Arts & Entertainment, Music
Lesson time 18:29 min
Perfect your intonation by training your ear to recognize sharp or flat notes. Mr. Perlman shares techniques for staying in tune and for tuning with other musicians.
Students give MasterClass an average rating of 4.7 out of 5 stars
Topics include: The 15% Rule • Tuning to a Piano • It's Either Sharp or Flat • Know Your Fingerboard • Scales Are the Basics of Technique • Artists to Emulate
ITZHAK PERLMAN: If I can have A. [PIANO NOTE] [VIOLIN MUSIC] [PIANO NOTE] [VIOLIN MUSIC] When you practice, you've got to really listen very, very carefully as to what goes on. So whether it's vibrato, whether it's the quality of sound, and whether it is most importantly intonation. Intonation is so-- you can get hypnotized with intonation by hearing something that is only slightly out of tune and being able to live with it. And I always say, you've got to be obsessed by absolutely playing everything dead in tune. [VIOLIN MUSIC] When you practice, 15%-- I don't know why I arrived at 15%. It could be 17 or 20. But 15% of your brain should be dedicated to watching and listening to the intonation, because, like I said before, intonation has a way of hypnotizing the listener into hearing something that's almost there. But we want to get rid of the almost. We want the intonation to be dead on. So always listening to the intonation, regardless of the difficulty of the music, because sometimes when the music is difficult for whatever reason, whether it's for phrasing or for technique, we tend to concentrate on those aspects. But the intonation should always be in the back burner. It should always be there so that if you're practicing something-- if you're doing-- [VIOLIN MUSIC] So we wind up practicing for color. I play a practice-- okay-- great-- practice for color but make sure that it's in tune. So make sure that your brain is always the guard of the intonation. So my suggestion is to really concentrate on that. And what you want to do is that when you have something that's very difficult, make sure that you play it in little segments. Play two bars or three bars. You'll have to play more. And those two, three bars should have-- you should be able to make sure that everything on those three bars is correct-- intonation, phrasing, articulation, and so on. I'm saying to reduce it to small in increments, not just by going a whole page but by saying, I'll play three or four bars. And let's see if I can make all those three, four bars beautifully in tune, articulated, and musical. So if you do it in smaller increments, I think it's better. [PIANO NOTE] [VIOLIN MUSIC] Again. [PIANO NOTE] [VIOLIN MUSIC] There are several things we can talk about intonation. But what I first would like to do is to discuss intonation when you play with another instrument. So we should demonstrate. So June who's going to play the piano, please come on in. And what we always start is asking for an A from the piano just to make sure that we are in tune. So if I can have an A. [PIANO NOTE] [VIOLIN MUSIC] Can I have another? [PIANO NOTE] [VIOLIN MUSIC] All right, so I asked for another A. It's really very, very important to make sure that when the pianist gives you an A that you take that A at face value that it's a real A. It's not like, sort of A. Let me show y...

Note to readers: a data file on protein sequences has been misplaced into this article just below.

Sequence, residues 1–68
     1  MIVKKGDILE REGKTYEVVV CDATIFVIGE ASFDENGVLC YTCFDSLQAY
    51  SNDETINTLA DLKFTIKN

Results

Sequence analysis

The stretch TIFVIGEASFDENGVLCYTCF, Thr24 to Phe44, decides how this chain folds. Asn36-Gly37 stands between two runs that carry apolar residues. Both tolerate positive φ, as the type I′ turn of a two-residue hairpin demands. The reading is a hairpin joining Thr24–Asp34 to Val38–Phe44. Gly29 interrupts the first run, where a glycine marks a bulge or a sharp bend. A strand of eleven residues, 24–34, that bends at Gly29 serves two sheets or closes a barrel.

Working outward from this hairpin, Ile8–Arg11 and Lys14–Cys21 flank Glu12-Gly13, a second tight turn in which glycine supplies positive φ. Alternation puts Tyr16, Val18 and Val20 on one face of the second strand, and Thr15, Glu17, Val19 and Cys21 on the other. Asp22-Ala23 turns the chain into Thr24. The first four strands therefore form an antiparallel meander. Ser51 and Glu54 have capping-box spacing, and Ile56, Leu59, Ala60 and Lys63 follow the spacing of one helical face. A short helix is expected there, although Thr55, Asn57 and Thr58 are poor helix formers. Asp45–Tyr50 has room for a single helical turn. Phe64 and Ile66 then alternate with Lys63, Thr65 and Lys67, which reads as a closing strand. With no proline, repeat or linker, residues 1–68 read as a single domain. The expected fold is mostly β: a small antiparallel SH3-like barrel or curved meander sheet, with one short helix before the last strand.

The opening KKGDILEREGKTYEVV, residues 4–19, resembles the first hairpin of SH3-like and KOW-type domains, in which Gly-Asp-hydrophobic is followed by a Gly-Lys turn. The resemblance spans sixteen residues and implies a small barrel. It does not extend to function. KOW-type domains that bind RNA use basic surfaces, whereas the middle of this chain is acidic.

About the Instructor
The world’s reigning virtuoso violin player, Itzhak Perlman performs for presidents, royals, and classical music lovers around the world. Now the beloved Juilliard instructor and 15-time Grammy Award winner brings his passion for teaching to a wide audience for the first time. Learn fundamental techniques, practice strategies, and how to add richness and depth to your sound. Give your most dynamic performance yet.
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In his first-ever online class, virtuoso violin player Itzhak Perlman breaks down his techniques for improved practice and powerful performances.Explore the Class